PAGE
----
These energy discriminating, direct conversion detectors are capable of not only x-ray counting, but also providing a measurement of the energy level of each x-ray detected. While a number of materials may be used in the construction of a direct conversion energy discriminating detector, semiconductors have been shown to be one preferred material. A drawback of direct conversion semiconductor detectors, however, is that these types of detectors cannot count at the very high x-ray photon flux rates typically encountered with conventional CT systems. The very high x-ray photon flux rate ultimately leads to detector saturation. That is, these detectors typically saturate at relatively low x-ray flux levels. This saturation can occur at detector locations wherein small subject thickness is interposed between the detector and the radiographic energy source or x-ray tube. It has been shown that these saturated regions correspond to paths of low subject thickness near or outside the width of the subject projected onto the detector fan-arc. In many instances, the subject is more or less circular or elliptical in the effect on attenuation of the x-ray flux and subsequent incident intensity to the detector. In this case, the saturated regions represent two disjointed regions at extremes of the fan-arc. In other less typical, but not rare instances, saturation occurs at other locations and in more than two disjointed regions of the detector. In the case of an elliptical subject, the saturation at the edges of the fan-arc is reduced by the imposition of a bowtie filter between the subject and the x-ray source. Typically, the filter is constructed to match the shape of the subject in such a way as to equalize total attenuation, filter and subject, across the fan-arc. The flux incident to the detector is then relatively uniform across the fan-arc and does not result in saturation. What can be problematic, however, is that the bowtie filter may not be optimum given that a subject population is significantly less than uniform and not exactly elliptical in shape. In such cases, it is possible for one or more disjointed regions of saturation to occur or conversely to over-filter the x-ray flux and create regions of very low flux. Low x-ray flux in the projection will ultimately contribute to noise in the reconstructed image of the subject.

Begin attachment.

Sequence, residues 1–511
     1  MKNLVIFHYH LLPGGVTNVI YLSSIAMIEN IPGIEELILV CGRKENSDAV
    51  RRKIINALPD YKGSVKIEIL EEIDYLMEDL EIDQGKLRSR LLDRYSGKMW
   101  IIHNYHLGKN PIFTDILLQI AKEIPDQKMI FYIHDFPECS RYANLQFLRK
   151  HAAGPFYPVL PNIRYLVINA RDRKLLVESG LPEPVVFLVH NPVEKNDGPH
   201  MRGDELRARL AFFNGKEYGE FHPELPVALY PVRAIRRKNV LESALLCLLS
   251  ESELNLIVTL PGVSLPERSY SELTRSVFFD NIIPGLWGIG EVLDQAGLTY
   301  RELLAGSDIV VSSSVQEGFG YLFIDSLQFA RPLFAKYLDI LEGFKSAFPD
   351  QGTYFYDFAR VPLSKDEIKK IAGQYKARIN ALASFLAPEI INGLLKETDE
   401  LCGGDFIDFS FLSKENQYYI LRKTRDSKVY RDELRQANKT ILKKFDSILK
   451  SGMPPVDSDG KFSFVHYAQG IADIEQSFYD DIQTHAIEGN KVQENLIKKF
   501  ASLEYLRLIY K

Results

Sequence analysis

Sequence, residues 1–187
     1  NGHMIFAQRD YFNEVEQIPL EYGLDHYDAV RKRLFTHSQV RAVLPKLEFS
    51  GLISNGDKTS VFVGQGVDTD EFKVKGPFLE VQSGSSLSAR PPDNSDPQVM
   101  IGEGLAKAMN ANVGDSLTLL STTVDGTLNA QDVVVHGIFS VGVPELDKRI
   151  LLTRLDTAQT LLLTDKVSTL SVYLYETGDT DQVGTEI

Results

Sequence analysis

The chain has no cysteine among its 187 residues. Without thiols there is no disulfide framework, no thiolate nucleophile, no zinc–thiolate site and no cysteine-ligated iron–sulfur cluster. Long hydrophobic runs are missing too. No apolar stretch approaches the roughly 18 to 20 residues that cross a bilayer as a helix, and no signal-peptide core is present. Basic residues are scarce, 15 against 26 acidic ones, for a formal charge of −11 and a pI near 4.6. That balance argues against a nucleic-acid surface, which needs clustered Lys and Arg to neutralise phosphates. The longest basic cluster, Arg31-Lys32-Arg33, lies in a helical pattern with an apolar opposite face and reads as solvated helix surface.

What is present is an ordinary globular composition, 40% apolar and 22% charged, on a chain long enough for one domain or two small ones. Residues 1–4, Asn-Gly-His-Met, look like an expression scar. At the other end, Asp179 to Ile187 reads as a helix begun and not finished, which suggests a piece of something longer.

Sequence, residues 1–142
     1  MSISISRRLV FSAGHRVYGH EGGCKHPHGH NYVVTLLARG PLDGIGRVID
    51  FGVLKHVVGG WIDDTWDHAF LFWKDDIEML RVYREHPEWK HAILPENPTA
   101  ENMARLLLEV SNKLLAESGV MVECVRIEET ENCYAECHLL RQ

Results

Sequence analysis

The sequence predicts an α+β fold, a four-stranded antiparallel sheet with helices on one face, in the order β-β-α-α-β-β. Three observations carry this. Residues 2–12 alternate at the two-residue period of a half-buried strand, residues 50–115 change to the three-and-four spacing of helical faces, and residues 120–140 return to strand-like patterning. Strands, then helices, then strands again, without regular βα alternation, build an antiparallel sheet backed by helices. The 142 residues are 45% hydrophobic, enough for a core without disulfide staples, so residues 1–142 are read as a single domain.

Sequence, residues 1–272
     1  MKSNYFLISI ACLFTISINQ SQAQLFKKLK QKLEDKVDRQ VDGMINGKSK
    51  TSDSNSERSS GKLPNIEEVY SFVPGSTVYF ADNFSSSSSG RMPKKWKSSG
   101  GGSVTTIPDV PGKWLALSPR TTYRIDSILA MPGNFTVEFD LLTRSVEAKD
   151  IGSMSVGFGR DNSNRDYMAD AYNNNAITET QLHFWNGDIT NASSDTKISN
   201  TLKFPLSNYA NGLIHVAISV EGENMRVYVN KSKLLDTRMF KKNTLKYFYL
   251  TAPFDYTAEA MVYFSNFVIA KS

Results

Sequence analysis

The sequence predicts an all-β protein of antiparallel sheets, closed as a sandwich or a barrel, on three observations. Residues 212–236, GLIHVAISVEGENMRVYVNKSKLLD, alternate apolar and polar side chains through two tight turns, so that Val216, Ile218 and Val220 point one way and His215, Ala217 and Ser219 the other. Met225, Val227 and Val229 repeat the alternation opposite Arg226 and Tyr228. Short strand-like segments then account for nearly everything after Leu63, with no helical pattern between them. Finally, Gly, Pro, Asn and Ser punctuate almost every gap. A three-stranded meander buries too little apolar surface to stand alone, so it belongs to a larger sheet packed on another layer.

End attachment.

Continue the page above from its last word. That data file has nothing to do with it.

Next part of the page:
A number of imaging techniques have been developed to address saturation of any part of the detector. These techniques include maintenance of low x-ray flux across the width of a detector array, for example, by using low tube current or current that is modulated per view. However, this solution leads to increased scanned time. That is, there is a penalty that the acquisition time for the image is increased in proportion to the nominal flux needed to acquire a certain number of x-rays that meet image quality requirements. Other solutions include the implementation of an over-range algorithm that is used to generate replacement data for the saturated data. However, these algorithms may imperfectly replace the saturated data as well as contribute to the complexity of the CT system.
It would therefore be desirable to design a direct conversion, energy discriminating CT detector that does not saturate at the x-ray photon flux rates typically found in conventional CT systems.
The present invention is directed to a multilayer CT detector that can be made to perform at very high count rates that overcomes the aforementioned drawbacks.
A CT detector capable of energy discrimination and direct conversion is disclosed. The detector includes multiple layers of semiconductor material of varying thicknesses throughout the detector. In this regard, the detector is constructed so as to be segmented in the x-ray penetration direction to optimize count rate performance as well as avoid saturation.